This is the workflow I am addressing and I'm looking for some feedback on the approach.

A user can perform the following functions:

  • Add Allergy (takes user to a form to fill out the details and adds it to the list of allergies upon hitting save)
  • Mark the patient's record with No Known Allergies
  • Mark the patient's record as Unknown (potentially the user has not visited with the patient yet but wants to document as Unknown as a reminder that they need to ask the patient about allergies)

Note: While the No Known vs. Unknown may be confusing, these options are clinically relevant so they can't be changed.

I'm proposing that the patient allergies screen shows these 3 options for the first view of this screen, when there haven't been any allergies added yet.

It would display these three options until the user either added the first allergy, or marked the patient's allergy as No Known or Unknown.

Once an allergy has been added, I'm proposing that the other two options No Known and Unknown be tucked under the top of the screen. This is similar to the pull down to refresh flavor.

Whenever the user returns to a screen that has allergies on the list, I'm proposing that these buttons display for a short period of time and then animate up with only a portion revealed as a reminder to the user that these will display. The user can pull down to access those buttons, but it will be rare that they would do that.

It's possible that the user would have an active list of allergies and then would need to be able to mark all items as Unknown or No Known. This serves as an undo mechanism in case they entered allergies for the wrong patient, etc. So these options still need to be available. However, this would be a rare scenario.

My question is around the approach of hiding the less used buttons and whether that's a good idea. I understand the design principle of Visibility, but in essence I am providing visibility to these buttons at all times when you enter the screen.

Quick Display of buttons if there are allergies

Initial View with no Allergies on List

Hidden view with swipe down to reveal

2 Answers 2


I don't think showing the buttons for a short time and then moving them is a good idea. You might put these (unlikely) options in the menu (always available in the menu) but have the buttons completely gone once an allergy is specified.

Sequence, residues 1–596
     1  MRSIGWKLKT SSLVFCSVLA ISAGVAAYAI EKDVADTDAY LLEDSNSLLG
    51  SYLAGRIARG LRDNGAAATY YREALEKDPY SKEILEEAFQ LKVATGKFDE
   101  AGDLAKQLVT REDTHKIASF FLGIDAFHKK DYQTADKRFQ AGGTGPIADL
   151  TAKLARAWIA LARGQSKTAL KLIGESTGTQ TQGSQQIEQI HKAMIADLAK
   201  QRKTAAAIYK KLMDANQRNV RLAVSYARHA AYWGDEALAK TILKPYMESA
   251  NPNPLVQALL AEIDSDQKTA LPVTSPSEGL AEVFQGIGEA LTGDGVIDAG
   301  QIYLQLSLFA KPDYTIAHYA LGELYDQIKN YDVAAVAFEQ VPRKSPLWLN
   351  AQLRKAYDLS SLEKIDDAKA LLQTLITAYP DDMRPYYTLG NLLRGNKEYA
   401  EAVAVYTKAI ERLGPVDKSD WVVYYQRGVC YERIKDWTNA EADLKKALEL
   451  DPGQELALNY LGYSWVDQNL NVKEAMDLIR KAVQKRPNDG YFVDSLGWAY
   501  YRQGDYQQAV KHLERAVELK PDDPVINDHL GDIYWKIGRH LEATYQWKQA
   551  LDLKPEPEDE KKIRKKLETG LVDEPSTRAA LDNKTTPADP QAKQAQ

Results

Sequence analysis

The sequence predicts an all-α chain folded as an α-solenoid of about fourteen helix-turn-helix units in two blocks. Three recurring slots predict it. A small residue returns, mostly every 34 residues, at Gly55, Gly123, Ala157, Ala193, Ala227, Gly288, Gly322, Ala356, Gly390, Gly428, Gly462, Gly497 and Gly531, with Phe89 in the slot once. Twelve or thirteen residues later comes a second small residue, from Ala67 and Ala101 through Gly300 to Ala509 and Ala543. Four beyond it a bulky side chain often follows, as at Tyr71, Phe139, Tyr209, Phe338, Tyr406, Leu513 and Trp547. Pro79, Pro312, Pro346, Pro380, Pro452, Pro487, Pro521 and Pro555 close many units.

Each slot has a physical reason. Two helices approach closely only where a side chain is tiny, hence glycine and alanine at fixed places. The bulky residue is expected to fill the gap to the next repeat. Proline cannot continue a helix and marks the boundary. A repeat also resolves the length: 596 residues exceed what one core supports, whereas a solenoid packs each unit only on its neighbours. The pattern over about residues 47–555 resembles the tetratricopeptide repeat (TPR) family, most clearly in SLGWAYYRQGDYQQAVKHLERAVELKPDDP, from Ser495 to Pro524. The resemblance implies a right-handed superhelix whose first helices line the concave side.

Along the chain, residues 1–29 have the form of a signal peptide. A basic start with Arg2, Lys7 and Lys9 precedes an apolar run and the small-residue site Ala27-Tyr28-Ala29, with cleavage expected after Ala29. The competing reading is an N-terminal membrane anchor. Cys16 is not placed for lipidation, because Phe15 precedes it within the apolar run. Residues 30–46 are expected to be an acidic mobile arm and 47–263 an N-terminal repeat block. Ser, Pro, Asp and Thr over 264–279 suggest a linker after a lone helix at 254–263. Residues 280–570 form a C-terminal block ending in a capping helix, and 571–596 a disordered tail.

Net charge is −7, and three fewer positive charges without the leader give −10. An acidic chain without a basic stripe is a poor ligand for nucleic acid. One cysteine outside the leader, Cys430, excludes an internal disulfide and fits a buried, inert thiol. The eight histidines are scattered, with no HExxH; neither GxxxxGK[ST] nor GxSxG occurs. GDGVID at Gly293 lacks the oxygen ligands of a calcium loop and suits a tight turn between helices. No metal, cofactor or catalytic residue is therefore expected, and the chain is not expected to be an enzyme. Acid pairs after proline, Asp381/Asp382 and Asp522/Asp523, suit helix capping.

But it seems to me logically inconsistent to allow an allergy to be specified and be able to specify "No Known Allergies" or "Unknown". Wouldn't it be better if you had to explicitly delete the allergies (and perhaps requiring an explanation as why you're deleting them) before you can set the state to "No Known" or "Unknown"? If you take this path, once all the allergies were deleted the "No Known" and "Unknown" buttons would reappear.

  • +1. Unknown means nobody has asked the patient about allergies yet, None Known means no substance has given them an allergic reaction yet. Unknown is the entry state of the question. None known is a valid response that becomes invalid as soon as a new allergy is added, and defaults if a lone allergy is deleted. Sep 8, 2013 at 13:42
  • The buttons need to be available even if there are allergies on the list. Nothing gets "deleted". Selecting Unknown or No Known after allergies have been added deactivates the allergies on a list, but those still display. Since the audience is physicians and the device is mobile, the extra step of making them enter an explanation for deactivating these should probably be avoided to speed up the process, as clinically it's not required. Deactivating one at a time to disclose other buttons would be a slow process for patients with many allergies. Possibly "Deactivate All" could work.
    – Dmacatude
    Sep 9, 2013 at 18:17
  • @Dmacatude I see. Still I would remove the "No Known" and "Unknown" buttons once one allergy is added, but always have those actions available through the menu. (I once worked on medical software, kind of a strange world with all their rules and terminology ;))
    – obelia
    Sep 9, 2013 at 21:22

You could move any actions that are performed frequently/infrequently up into the action bar, for example adding a + button next to the overflow when you are on the allergies tab. Anything you don't use often can be shifted to the overflow. I would leave the No Known button where it is, but move the Unknown to the action bar too to allow for quick sorting through records (one click in the action bar vs looking for the button). Once a patient has been marked as not having any known allergies this is unlikely to change frequently so you can leave this button where it is. As this is an Android app for 4.0 (judging by the interface) and above the user will be expecting functions on the action bar so it's not going to be too confusing for them.

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